Wayback Wednesday: Revisiting NBA Live 18

Wayback Wednesday: Revisiting NBA Live 18

This is Wayback Wednesday, your midweek blast from the past! From retrospectives of basketball games and their interesting features, to republished articles and looking at NBA history through the lens of the virtual hardwood, Wednesdays at the NLSC are for going back in time. This week, I’m giving NBA Live 18 a second look.

It’s fair to say that NBA Live didn’t live up to expectations on the eighth generation. We were hoping for a fresh start after NBA Elite 11 torpedoed the series during the seventh generation, but instead there were numerous unsuccessful attempts to rebuild. However, there were some flashes of brilliance and genuinely good ideas, which only makes the shortcomings of those eighth gen NBA Live titles more frustrating. Now that several years have passed and the weight of new game expectations has been lifted, those positive aspects do stand out, and can be appreciated.

As such, when I revisit an eighth generation NBA Live, I’m sometimes left surprised by how much I enjoyed dusting it off. While these second looks haven’t changed my mind to the same extent as NBA Live 10 or the Next Gen version of NBA 2K14, I do come away thinking that some of them hold up better than I remembered. This was true after Dee and I revisited NBA Live 18 using Parsec and the Xbox App, and had a really fun game. Indeed, I ended up picking up where I left off in Ultimate Team, and it inspired me to reconsider my previous critique. Let’s take a look back…way back…

Going back and reading my retrospective of NBA Live 18 for our 25th Anniversary of NBA Live celebrations, I feel as though I may have been too harsh on it. After all, I did quite enjoy playing NBA Live 18 when it was new, to the point where it was my game of choice that year after NBA 2K18 proved to be disappointing. In fairness to my previous critique, I don’t entirely disagree with it. NBA Live 18 does have its issues on the virtual hardwood, its modes could’ve been better and deeper, and you can see how focus was beginning to shift to The Streets and LIVE Events. With that being said, revisiting the game in 2023 reminded me of how much fun it can be.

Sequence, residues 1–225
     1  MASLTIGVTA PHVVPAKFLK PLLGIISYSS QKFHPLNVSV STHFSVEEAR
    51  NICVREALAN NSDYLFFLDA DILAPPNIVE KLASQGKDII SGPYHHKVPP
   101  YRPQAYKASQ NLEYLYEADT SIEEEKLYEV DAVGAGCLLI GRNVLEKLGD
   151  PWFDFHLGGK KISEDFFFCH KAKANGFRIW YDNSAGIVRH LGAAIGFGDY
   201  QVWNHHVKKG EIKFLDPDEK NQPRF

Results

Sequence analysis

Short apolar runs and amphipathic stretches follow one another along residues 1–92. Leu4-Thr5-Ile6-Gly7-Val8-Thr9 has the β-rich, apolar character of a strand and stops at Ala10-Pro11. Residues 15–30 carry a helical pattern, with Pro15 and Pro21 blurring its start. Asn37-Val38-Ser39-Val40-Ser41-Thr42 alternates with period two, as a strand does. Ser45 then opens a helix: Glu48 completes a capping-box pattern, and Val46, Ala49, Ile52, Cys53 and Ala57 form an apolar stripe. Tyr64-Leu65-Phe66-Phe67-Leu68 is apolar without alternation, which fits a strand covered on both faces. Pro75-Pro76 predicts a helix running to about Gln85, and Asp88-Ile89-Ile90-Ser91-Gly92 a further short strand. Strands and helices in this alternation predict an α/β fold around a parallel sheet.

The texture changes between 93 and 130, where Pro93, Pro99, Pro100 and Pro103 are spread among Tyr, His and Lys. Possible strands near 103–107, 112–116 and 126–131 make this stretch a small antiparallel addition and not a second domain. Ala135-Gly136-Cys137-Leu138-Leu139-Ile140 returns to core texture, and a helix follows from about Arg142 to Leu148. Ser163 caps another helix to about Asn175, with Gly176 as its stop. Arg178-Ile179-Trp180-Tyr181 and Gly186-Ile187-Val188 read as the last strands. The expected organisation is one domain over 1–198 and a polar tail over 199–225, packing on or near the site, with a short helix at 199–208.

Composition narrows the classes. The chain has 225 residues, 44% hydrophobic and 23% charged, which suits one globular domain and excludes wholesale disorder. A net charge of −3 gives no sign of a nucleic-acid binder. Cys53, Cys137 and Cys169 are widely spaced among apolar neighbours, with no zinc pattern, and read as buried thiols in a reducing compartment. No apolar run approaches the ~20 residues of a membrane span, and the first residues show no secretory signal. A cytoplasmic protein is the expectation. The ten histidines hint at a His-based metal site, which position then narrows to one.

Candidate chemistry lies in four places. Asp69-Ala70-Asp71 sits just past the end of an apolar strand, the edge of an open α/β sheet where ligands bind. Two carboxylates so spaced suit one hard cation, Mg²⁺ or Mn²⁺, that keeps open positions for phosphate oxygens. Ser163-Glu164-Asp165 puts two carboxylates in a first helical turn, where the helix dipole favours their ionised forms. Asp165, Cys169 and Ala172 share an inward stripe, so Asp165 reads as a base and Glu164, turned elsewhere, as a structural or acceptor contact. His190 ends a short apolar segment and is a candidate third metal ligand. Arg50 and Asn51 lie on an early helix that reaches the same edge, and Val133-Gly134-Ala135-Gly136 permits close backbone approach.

Steph Curry Shoots Over George Hill

Although the attempts at realistic foot-planting did result in players feeling heavier and less manoeuvrable than they ideally should be, movement isn’t quite as clunky as I recalled it being. There are some stiff and janky animations, and there’s something about the way the ball bounces hard off the rim on misses that isn’t quite realistic, but there are some moments that look and feel great as well. It’s possible to break your defender’s ankles with a well-timed move, and it’s exciting to power to the rim for an explosive poster dunk. Such plays see me eagerly triggering the instant replay to watch them again. It also has some of the best shooting mechanics in the entire series.